Mental Health Check-in/Normalizing Mental Illness

We are such stuff as dreams are made on and our little life is rounded with a sleep.

William Shakespeare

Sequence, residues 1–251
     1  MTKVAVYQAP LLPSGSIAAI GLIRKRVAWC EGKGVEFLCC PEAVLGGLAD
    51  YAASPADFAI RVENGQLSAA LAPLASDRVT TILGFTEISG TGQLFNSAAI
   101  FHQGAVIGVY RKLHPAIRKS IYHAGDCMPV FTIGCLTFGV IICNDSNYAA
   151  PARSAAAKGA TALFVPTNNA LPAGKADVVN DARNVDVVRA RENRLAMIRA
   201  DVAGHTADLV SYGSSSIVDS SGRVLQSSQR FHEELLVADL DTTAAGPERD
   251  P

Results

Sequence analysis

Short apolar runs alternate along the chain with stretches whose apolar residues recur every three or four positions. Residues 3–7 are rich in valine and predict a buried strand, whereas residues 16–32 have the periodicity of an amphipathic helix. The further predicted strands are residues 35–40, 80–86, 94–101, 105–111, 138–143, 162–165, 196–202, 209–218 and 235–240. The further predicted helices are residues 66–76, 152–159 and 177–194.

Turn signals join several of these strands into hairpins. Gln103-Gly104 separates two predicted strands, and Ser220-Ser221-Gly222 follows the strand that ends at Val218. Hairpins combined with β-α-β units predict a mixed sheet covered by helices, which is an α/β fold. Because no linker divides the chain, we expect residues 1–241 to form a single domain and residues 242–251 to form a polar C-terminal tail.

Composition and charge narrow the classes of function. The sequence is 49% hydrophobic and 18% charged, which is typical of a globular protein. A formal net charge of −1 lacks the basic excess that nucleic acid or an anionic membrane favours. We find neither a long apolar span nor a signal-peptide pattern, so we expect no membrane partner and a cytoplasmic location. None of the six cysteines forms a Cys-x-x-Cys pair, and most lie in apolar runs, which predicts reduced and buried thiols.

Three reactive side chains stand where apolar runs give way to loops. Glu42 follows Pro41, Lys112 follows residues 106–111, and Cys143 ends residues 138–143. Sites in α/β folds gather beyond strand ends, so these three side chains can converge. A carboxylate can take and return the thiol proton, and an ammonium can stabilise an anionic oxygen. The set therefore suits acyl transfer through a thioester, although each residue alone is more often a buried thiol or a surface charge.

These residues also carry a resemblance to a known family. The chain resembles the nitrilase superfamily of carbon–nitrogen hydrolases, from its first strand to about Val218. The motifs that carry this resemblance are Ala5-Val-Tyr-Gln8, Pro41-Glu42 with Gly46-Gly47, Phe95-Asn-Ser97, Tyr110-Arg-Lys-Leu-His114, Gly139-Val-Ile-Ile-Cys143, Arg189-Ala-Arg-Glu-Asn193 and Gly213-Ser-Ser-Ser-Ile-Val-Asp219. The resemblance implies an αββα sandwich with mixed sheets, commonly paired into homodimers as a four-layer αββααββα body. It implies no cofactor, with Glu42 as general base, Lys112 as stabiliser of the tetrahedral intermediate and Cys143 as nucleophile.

To be honest, I’m not quite sure what exactly this post will be about. I just feel like writing, so I guess this will be a little mental health check-in for me, for you, for everyone. This will also be a little bit about normalizing mental illness, and how it’s okay to talk about how it affects you. Let’s jump right in. First off, mental health check-in. I’ll tell you how I’ve been doing the past few weeks, and hopefully it will lead you to have a small check-in with yourself. Ask yourself how you’ve been feeling, and if you’ve noticed anything different about your moods (both positive and negative). I think that checking in with yourself is like taking a small step back & just taking a minute. We all need that every now and then. Also, my Instagram DM’s are always open, if you ever need anyone to talk to, I’m a safe space & ally. I feel like my moods have been very up and down the past few weeks. Winding down from the holidays is always challenging. I’m a person who needs to have something to look forward to, even if it’s small. So once the excitement of the holidays is over, it can be hard for me. January, February, and March are by far my toughest months. Seasonal depression is a very real thing, and a lot of people struggle with it. If you’re one of those people, please know that you are not alone, and warmer & brighter days are ahead. My brother also went back up to school last week, and I miss him. I feel like a piece of me is missing when he’s gone. I don’t necessarily handle change very well, so it always takes a little bit of time for me to feel 100% after something changes, like my brother leaving. Something else I’ve been struggling with recently is negative self talk. I always try to give myself positive affirmations, but I have noticed that the way I’ve been talking & thinking to myself has been negative. I don’t really know why. I think I just go through times like that. But it’s really hard, and often times it’s hard to come out of it. I’m getting there though. Therapy the other day was really tough. I thought about it for a long time afterwards. It was the first time I admitted to someone other than myself that I’m afraid that my life isn’t going to turn out the way that I want it to. It’s something that has weighed very heavy on my mind the past week. I want a family. I want a husband, I want kids. And for some reason I’ve been absolutely terrified that it won’t happen for me. I guess I feel like I’m behind in some way. That certain things should have happened already. And then I have to remind myself that I’m only 22 and exactly where I’m supposed to be in my life. It’s that rational vs irrational thing again. I have to believe that my person is out there, that I’ll get the family I have always dreamed of. I have to believe because I couldn’t get through the ups & downs of life if I didn’t. But some weeks are harder than others. And that’s okay. Now I feel like switching over to positive things I’ve experienced these past couple of weeks. I really try to show both negatives, positives, ups, and downs of living with mental and chronic illness. I always want to be completely real and honest, which is why I talk about both bad and good things. Now, for some positives. A month ago I bought two 3-month-old guinea pigs. My therapist recommended getting a small emotional support animal, and now here we are. Their names are Moira and Twyla (this is what happens when you binge Schitt’s Creek and it becomes your new favorite show lol). They are the cutest things ever and I really didn’t know how much I was going to love them. They’re another reason to get out of bed in the morning, and I’m so happy I have them. And now let’s talk about probably the most exciting thing from these past few weeks. My cousin is getting married, and she asked me to be her maid of honor. I’m so incredibly honored and I can’t wait for the planning, the memories, and of course the wedding itself. I think as you get older you realize the people who are there for you through thick and thin, no matter what. My cousin Zion is one of those people, one of my best friends, and my rock. I’m so excited to stand next to her on her special day. While I’ve struggled with a lot of new things recently, there’s also so much good to be grateful for. And that isn’t lost on me. I want to switch gears now and move onto normalizing mental illness. It was recently Bell Let’s Talk day, which is day to bring awareness to those struggling with their mental health, and to open up the conversation surrounding it. I have never been afraid to share my story. I think that my story gives me strength, and by sharing it I know that I’m helping people. I also want to say before I dive into this next topic, that I’m not trying to downplay depression & anxiety by trying to normalize it. They are serious, and they need to be treated. I’m simply trying to normalize what people suffering from it go through, so we don’t feel so alone. I think that the conversation surrounding mental illness should be normal, it should be an everyday discussion, because it isn’t something to be ashamed of. So that’s what I mean by “normalizing” it. I’m going to be really vulnerable right now in the hopes it makes at least one person feel more comfortable. I’m going to describe what happens to me in a depressive episode, because I know other people struggle with the same exact things, but might be afraid to say it out loud. I go days and days without showering. I wear the same clothes over and over again. I don’t brush my teeth. I don’t have energy. I don’t have motivation. I can’t concentrate. I’m angry. I’m scared. I’m mad at myself for being this way. I lash out at people. I ignore my friends. I lose myself completely. And truthfully, I need a lot of help pulling myself out of it. I’m putting this all out there because it’s real. And I know I’m not the only one who experiences these things. I know that it can be embarrassing to talk about, which is why I’m doing it. If you’re reading this and go through the same things, I hope you know that you’re not alone. In October I had to increase my antidepressant. I’m not ashamed to say that I had to, and if I didn’t do it, I don’t know what kind of place I’d be in now. It’s okay to need medication. It’s also okay if you don’t. Do whatever works for you, and never apologize for putting yourself first. I know I say it all the time, but we really are all just doing the best that we can. And I think that’s brave. I’m going to leave you with a quote from Us Against You by Frederik Backman (shocking, right?). I think it sums up how I genuinely feel about other people, especially those who struggle like me. “I wish you courage. I wish you rushing blood. A heart that beats too hard. Feelings that make everything too hard. Love that gets out of control. The most intense adventures. I hope you find your way out. I hope you’re the kind of person, who gets a happy ending.”